At first glance, a book called called ‘Feminists in Development Organizations’ looks like a bit of aid biz navel gazing. But if you are working in a large bureaucracy and want it to do more on just about any big issue (women’s rights, but also environmentalism, disabled rights, tertiary education, urban livelihoods), this book is worth a read.
Feminist Bureaucrats (the authors’ preferred title) is written by a network of gender specialists in aid agencies and NGOs, who have been supporting each other over the years in trying to push women’s rights higher up the agenda of their organizations.
It’s hard work, not least because ‘a feminist bureaucrat appears a contradiction in terms’, an uncomfortable insider-outsider position where you can easily be written off both as an unhelpful activist by your bosses and not-so-feminist colleagues, and as a sell-out by the more ‘outsider’ wing of the feminist movement. Even victories can be frustrating, since they are so often partial, e.g. your organization adopts the language of women’s rights but promptly instrumentalizes it into ‘girls’ education is good for growth’. Cue gnashing of teeth.
In a concluding chapter the editors, Rosalind Eyben (ex IDS) and Laura Turquet (UN Women) argue that the trick is to understand and exploit ‘the advantages of living on the edge’. Feminist bureaucrats need to be
‘Tempered radicals, seeking a succession of small wins that, accumulatively and over time, they hope may reduce inequity and promote social justice. Their tempered radicalism places them, voluntarily, on the border, the edge, or the periphery of the development agencies that employ them. Yet despite being a personal choice, the feeling of ambiguity about their location is uncomfortable.’
But working on the edge offers four advantages (though these blessings look pretty mixed to me)
- ‘A sense of powerlessness’ creates radicalization and a sense of solidarity both with marginalized women everywhere and with fellow sufferers in other organizations.
- ‘Reduced visibility’: however much feminist bureaucrats ‘crave legitimacy from the broader feminist movement’ they are often more effective when working ‘under the radar, at things management is likely to disapprove of.’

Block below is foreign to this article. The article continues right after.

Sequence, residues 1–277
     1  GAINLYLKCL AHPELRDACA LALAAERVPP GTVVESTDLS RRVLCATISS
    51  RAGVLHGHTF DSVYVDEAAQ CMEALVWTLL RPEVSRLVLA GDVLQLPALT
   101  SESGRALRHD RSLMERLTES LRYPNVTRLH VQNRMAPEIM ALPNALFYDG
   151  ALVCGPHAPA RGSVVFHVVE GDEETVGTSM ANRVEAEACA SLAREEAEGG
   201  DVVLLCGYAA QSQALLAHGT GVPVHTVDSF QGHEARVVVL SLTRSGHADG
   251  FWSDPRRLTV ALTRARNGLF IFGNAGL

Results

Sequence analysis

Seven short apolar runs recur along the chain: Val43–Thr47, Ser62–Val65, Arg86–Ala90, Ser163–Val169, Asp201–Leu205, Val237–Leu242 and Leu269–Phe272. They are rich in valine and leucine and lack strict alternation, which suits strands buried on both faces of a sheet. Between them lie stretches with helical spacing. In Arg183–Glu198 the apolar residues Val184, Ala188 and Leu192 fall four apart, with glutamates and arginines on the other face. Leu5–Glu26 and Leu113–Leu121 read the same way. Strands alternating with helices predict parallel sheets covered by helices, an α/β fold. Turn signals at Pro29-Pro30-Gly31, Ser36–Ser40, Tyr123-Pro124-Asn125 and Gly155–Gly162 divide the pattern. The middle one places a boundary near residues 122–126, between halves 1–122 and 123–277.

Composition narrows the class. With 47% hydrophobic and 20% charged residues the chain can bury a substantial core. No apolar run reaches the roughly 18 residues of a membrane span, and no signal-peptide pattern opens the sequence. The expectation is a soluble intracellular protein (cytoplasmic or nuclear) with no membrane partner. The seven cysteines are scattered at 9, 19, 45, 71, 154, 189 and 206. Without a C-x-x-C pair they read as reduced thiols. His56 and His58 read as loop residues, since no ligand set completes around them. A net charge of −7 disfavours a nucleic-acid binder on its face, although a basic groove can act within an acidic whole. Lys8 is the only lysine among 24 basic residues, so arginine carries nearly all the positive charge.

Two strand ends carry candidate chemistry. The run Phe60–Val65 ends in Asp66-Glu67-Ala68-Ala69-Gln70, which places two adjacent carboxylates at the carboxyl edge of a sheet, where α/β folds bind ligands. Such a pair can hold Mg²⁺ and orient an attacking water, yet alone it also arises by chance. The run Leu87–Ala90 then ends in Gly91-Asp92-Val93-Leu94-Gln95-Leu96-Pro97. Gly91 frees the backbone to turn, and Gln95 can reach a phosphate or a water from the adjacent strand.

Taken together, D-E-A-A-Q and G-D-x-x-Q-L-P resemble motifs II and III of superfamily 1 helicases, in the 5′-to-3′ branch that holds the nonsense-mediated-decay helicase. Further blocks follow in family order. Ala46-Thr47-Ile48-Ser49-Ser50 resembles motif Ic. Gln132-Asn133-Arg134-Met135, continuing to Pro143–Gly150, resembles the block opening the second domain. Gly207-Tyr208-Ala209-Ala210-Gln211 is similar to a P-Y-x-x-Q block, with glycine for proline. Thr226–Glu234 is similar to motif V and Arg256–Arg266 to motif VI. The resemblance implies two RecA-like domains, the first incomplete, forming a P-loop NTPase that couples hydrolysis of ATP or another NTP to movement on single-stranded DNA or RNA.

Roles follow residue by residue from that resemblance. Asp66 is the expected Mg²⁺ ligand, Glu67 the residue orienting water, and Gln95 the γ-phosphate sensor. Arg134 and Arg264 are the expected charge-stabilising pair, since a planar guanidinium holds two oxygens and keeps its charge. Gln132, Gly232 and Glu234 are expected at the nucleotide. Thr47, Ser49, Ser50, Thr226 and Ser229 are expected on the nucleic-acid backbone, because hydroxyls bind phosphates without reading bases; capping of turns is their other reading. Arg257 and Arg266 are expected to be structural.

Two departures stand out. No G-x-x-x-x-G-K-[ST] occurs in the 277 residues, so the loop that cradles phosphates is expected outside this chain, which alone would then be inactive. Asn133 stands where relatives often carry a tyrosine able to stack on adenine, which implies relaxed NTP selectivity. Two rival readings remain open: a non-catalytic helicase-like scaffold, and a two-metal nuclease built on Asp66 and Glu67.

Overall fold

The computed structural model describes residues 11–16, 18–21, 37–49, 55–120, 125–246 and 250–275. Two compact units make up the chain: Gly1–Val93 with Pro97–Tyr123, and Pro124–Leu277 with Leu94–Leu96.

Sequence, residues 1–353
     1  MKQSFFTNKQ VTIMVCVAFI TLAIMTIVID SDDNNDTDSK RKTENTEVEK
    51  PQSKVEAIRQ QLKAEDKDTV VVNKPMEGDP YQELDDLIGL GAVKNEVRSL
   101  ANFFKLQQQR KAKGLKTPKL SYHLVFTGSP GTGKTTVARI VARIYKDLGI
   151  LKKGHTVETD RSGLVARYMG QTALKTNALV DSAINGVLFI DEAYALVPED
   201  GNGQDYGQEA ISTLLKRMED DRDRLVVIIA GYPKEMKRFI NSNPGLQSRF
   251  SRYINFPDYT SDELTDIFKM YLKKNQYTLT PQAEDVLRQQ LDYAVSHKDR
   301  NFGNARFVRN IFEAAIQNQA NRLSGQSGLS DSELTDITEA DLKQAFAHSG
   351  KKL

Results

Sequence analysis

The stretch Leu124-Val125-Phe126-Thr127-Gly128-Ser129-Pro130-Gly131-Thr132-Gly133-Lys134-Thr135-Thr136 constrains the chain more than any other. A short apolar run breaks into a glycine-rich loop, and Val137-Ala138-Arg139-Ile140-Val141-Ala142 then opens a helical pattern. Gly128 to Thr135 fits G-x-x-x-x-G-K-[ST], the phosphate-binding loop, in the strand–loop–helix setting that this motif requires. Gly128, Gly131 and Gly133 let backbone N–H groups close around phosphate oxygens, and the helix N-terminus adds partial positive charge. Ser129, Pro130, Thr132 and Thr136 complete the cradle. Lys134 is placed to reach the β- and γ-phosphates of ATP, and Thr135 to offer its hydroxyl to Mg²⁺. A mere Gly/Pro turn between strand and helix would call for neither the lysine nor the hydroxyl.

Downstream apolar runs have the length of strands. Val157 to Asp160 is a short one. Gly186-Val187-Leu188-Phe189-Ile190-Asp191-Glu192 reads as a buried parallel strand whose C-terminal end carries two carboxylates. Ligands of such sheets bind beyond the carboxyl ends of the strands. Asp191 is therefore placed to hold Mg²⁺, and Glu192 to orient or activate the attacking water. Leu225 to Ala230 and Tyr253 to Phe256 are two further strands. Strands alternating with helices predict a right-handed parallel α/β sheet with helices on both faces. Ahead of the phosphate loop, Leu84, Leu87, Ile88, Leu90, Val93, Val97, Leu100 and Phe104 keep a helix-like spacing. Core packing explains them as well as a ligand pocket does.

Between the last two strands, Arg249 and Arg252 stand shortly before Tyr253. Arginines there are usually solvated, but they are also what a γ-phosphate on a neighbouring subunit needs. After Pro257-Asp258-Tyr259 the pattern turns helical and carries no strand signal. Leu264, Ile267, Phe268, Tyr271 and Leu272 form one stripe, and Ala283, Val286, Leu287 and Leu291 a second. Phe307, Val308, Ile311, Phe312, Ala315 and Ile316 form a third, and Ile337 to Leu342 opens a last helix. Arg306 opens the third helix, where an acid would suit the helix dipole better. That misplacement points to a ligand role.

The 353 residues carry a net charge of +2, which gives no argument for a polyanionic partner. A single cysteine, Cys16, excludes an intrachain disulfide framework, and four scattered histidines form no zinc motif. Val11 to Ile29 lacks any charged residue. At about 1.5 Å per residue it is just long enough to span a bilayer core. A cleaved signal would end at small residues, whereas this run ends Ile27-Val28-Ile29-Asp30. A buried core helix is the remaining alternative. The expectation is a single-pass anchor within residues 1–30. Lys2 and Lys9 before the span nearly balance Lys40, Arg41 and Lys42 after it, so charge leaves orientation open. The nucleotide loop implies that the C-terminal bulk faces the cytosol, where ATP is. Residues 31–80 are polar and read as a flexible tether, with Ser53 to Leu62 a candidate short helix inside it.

- ‘Critical consciousness’: Maintaining a critical independence from your organization, and relying on your personal network for support and sustenance. While you may be tempted to slag off foot-dragging bosses in public, the authors recommend guerrilla tactics, such as discreetly mobilizing outsider networks (‘you may want to read paragraph X in the draft document and send in your comments’).
- ‘Two way relationships’: don’t just hang out with your feminist mates, build relationships with others in the bureaucracy, swap favours etc (as true of internal advocacy as external) and be nice. As Patti O’Neill of the OECD argues ‘we need to avoid being ‘the finger-wagging gender police’.
The editors conclude with a practical checklist on how to work on the inside
- Building external and internal alliances
- Leveraging outside pressure
- Creating win-win situations
- Preparing for and seizing opportunities
- Coping with bureaucratic resistance (eg bypassing middle management and going to the top… ‘to not bang pointlessly on a firmly closed door, but to find a side door that can be pushed open’)
In many ways, this is all about applying the advocacy tools we use to influence governments, companies etc to achieving change within our own organizations (alliances, win-wins, implementation gaps, relationships, spotting and seizing windows of opportunity etc).
But the added delicacy here is that of loyalty and identification. Unless they are very odd indeed, everyone working in an institution has multiple loyalties (to their employer, their team, their wider network, their community, their family, their pets) and there are often tensions between them. Navigating these tensions with integrity is an essential part of your job.
But judging from this book, and my own experience in Oxfam, that navigation is particularly frustrating for gender specialists. Why is that? Are their beliefs uniquely rejected by their organizations? (hard to buy that in Oxfam at least). Is it because working on these issues is far more personal and immediate than identifying with some more conceptual tribe (governance advisers, bloggers)? Or that the gap between lip service and reality is particularly wide?
At this point, having lit the blue touch paper, I think I will retire and leave it to you…….